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Opinion

Yasay must avoid mistakes of P-Noy, Trillanes ‘treason’

GOTCHA - Jarius Bondoc - The Philippine Star

China reneged on leaving Scarborough Shoal. That’s Noynoy Aquino’s alibi for losing the traditional Filipino fishing ground to the militarist neighbor in June 2012. Supposedly the United States had brokered a simultaneous withdrawal of Chinese and Philippine armed vessels. But after the Philippines dutifully departed, China stayed, and that’s that.

Five accusers think otherwise. In a treason rap they implead P-Noy for sending Sen. Antonio Trillanes as backchannel to Beijing. Evidence indicates that Trillanes gave vital information that emboldened China to grab the shoal. Too, that the senator belittled the US-inspired deal, overruled knowledgeable Philippine diplomats, and did things on his own without telling P-Noy. (See Gotcha, 25 May 2016, http://www.philstar.com/opinion/2016/05/25/1586768/treason-raps-filed-vs-sen.-trillanes)

“What should we have done there?” P-Noy now says about the standoff between one Philippine vessel accosting and six Chinese ships defending Hainanese poachers inside the horseshoe-shaped shoal. “If we engage in hostilities, can we win? Obviously not. But even in that aspect, are we endangering lives unnecessarily?”

P-Noy makes no mention of Trillanes’ backchanneling. Why? Answers may lie in the document.

Cited in the treason charge is “Brady Notes: Aug. 17, 2012,” named after then-Philippine Ambassador to Beijing, Sonia Brady. The document implies that P-Noy amateurishly had sidelined his own foreign secretary, thus letting a megalomaniac with a sinister agenda give away Scarborough.

The “Brady Notes” state that Trillanes believed “there was never any negotiation between the Chinese and the Americans, just a meeting with Kurt Campbell.” For him, Campbell, the US assistant secretary of state for East Asian and Pacific affairs, “was not a negotiator.”

Trillanes believed he was the sole negotiator. The document states: “The arrangement being looked at by the senator was one side would leave first then the other side then the next, etc. They were talking about the manner of evacuating the Scarborough. He then received a call from P-Noy, saying why are the Chinese still there when there was an agreement for simultaneous withdrawal.”

It so happened that the Chinese ships stayed to claim Scarborough as theirs. Occupation, as they say, is 90 percent of any territorial claim. (See full text in http://www.rappler.com/nation/12700-enrile,-trillanes-fight-over-china)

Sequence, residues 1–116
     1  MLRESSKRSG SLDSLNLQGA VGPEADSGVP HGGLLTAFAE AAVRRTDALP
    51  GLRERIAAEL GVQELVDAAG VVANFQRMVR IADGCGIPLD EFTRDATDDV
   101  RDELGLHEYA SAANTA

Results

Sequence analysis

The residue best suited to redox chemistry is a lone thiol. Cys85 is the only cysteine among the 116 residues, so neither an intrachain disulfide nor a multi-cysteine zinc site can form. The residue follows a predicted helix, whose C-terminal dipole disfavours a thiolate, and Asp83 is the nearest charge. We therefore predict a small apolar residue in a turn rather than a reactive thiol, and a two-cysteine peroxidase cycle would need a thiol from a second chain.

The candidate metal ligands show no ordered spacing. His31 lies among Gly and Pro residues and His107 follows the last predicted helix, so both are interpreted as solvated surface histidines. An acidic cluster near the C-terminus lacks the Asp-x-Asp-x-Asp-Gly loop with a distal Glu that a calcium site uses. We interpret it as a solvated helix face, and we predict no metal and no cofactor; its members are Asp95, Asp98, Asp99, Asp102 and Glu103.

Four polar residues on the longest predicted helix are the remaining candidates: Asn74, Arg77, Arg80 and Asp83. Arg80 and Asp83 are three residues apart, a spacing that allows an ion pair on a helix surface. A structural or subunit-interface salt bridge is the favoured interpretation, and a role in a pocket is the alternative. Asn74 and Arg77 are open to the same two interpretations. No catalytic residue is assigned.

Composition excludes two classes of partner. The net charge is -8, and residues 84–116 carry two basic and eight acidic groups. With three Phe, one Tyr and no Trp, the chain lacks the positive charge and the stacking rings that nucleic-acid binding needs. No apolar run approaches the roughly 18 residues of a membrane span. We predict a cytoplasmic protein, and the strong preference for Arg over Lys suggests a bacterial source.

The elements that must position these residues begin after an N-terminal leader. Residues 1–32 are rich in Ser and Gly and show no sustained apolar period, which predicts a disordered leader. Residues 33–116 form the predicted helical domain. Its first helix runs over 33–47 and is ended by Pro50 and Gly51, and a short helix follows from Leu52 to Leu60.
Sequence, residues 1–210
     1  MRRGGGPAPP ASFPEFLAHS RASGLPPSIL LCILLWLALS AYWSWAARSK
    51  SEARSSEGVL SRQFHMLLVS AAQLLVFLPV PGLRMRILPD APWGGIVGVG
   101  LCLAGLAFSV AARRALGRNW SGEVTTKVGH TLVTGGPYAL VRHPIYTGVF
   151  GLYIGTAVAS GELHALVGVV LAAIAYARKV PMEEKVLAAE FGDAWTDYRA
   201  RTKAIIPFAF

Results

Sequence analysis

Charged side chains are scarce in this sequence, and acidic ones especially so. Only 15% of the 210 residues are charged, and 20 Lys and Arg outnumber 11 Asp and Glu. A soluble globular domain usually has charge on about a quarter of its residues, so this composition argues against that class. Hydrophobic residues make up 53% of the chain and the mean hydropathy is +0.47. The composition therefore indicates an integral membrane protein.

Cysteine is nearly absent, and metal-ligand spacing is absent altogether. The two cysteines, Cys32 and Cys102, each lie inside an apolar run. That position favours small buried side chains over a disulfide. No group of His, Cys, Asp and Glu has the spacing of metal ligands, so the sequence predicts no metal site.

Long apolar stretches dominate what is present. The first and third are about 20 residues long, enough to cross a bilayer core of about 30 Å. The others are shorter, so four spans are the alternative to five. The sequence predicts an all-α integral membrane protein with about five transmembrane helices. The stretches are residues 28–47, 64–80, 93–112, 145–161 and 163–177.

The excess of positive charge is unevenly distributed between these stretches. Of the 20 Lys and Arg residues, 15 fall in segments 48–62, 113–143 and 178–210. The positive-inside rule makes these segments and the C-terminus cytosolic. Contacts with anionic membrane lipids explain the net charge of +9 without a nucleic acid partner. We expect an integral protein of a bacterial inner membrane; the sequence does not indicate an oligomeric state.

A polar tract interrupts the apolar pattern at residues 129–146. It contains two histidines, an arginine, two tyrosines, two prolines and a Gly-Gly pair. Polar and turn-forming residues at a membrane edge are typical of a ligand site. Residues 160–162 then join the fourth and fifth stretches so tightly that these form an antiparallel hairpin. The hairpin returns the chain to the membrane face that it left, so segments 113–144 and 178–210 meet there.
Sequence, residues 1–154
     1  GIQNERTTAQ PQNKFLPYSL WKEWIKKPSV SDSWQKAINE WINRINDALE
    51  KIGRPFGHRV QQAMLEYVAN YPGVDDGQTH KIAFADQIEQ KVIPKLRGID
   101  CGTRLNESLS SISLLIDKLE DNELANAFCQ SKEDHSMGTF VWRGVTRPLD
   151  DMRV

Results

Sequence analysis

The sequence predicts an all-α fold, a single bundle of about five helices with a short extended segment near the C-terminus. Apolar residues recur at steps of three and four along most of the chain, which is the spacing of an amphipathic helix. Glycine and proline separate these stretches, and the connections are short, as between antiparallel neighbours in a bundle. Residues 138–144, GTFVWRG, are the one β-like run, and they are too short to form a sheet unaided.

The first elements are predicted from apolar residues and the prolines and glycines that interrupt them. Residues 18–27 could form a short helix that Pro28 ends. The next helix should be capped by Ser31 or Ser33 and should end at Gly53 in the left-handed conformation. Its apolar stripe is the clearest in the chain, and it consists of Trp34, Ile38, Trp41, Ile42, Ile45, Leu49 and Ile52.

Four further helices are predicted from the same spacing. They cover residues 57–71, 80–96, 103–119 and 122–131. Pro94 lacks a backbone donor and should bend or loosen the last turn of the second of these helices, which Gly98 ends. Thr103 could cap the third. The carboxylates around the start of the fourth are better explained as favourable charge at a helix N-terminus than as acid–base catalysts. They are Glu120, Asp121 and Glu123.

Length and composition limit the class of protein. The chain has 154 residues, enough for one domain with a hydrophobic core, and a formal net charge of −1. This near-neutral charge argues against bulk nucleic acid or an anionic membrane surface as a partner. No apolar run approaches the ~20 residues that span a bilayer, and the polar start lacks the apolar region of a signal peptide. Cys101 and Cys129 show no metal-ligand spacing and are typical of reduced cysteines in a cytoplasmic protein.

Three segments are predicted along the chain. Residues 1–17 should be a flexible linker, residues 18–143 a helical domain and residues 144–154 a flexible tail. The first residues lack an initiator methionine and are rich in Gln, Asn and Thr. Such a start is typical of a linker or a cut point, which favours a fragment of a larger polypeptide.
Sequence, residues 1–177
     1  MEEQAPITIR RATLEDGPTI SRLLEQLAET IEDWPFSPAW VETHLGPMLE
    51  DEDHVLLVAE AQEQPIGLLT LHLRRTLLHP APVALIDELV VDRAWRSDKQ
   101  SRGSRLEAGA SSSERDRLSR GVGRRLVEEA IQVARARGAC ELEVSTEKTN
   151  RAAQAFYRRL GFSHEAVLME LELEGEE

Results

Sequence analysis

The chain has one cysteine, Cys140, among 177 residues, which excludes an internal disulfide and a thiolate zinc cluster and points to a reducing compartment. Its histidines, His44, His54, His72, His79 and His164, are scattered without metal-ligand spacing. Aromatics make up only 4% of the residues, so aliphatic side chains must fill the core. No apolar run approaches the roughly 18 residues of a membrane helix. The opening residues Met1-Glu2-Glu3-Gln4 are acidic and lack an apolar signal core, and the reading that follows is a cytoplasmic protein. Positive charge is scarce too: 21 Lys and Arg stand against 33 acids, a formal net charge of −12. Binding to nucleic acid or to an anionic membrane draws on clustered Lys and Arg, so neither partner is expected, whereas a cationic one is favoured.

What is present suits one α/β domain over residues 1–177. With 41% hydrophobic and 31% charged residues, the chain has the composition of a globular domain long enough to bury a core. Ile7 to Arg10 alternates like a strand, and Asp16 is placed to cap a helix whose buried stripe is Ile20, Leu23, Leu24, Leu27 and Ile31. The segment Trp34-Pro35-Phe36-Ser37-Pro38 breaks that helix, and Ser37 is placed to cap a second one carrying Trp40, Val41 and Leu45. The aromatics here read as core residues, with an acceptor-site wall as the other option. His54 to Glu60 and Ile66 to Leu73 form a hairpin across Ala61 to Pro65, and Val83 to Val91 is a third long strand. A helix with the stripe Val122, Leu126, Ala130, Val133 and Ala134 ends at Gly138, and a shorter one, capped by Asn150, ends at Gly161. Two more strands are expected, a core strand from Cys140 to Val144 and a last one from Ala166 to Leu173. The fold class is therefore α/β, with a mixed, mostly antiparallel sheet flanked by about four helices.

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In the aftermath of China’s invasion, Manila filed an arbitration case before the United Nations. The Philippines is seeking a ruling that the UN Convention on the Law of the Sea gives it rights over Scarborough. The shoal is 123 miles from Luzon, within the Philippines’ 200-mile exclusive economic zone, but 900 miles from China’s southernmost Hainan island-province. China claims the shoal by “historic right,” which the UNCLOS forbids. The arbitral tribunal in The Hague is expected to decide in a few weeks in favor of the Philippines.

Incoming foreign secretary Perfecto Yasay expects China to ignore the ruling. He says there would be no other option but bilateral talks.

If that’s his view, then he had better beware. The Philippines has tried bilateral talks with China many times before, to no avail. Beijing’s communist leaders use bilateral talks only to divert attention from militarist designs.

Yasay humbly says he has yet to study the history of the South China Sea dispute. That is the best approach, instead of naiveté or power trip.

He would find out that China as far back as 1989 had planned to grab the entire South China Sea. The then-vice chief of the People’s Liberation Army-Navy unveiled a defense strategy of building a virtual Great Wall along the Pacific Ocean. That defense perimeter consists of two “island chains.” The first extends west of Japan in the East China Sea down to western Philippines in the South China Sea. The second is from the southern tip of Japan down to Papua New Guinea, east of the Philippines.

Based on that plan China in 1995 grabbed Mischief Reef, off Palawan, also within the Philippine EEZ and far away from Hainan. Manila tried bilateral talks to make Beijing stop building supposed “fishermen’s shelters against typhoons.” Beijing protracted the talks over the monsoon season, when Philippine Navy ships couldn’t patrol the reef. When the weather cleared, what emerged on Mischief were concrete fortifications, artillery pieces, military communications facilities, a heliport, and a naval base. From there China has since been attempting to grab Sabina Shoal, closer to Palawan.

Yasay also must understand the nuances of China’s system. The Communist Party is above the state. It first installs a secretary general, then makes him President of the People’s Republic, and ultimately the chairman of the mighty Central Military Commission. That way the communists control the People’s Liberation Army directly as well as through the government.

The Minister of Foreign Affairs is a communist apparatchik from the elite Politburo. But unlike high military commissars, he is not a member of the Standing Committee, much more the seven-man Executive Committee. In effect, Chinese diplomacy is subordinate to the military. For China bilateral talks can serve as military tactics.

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Catch Sapol radio show, Saturdays, 8-10 a.m., DWIZ, (882-AM).

Gotcha archives on Facebook: https://www.facebook.com/pages/Jarius-Bondoc/1376602159218459, or The STAR website http://www.philstar.com/author/Jarius%20Bondoc/GOTCHA

E-mail: [email protected]

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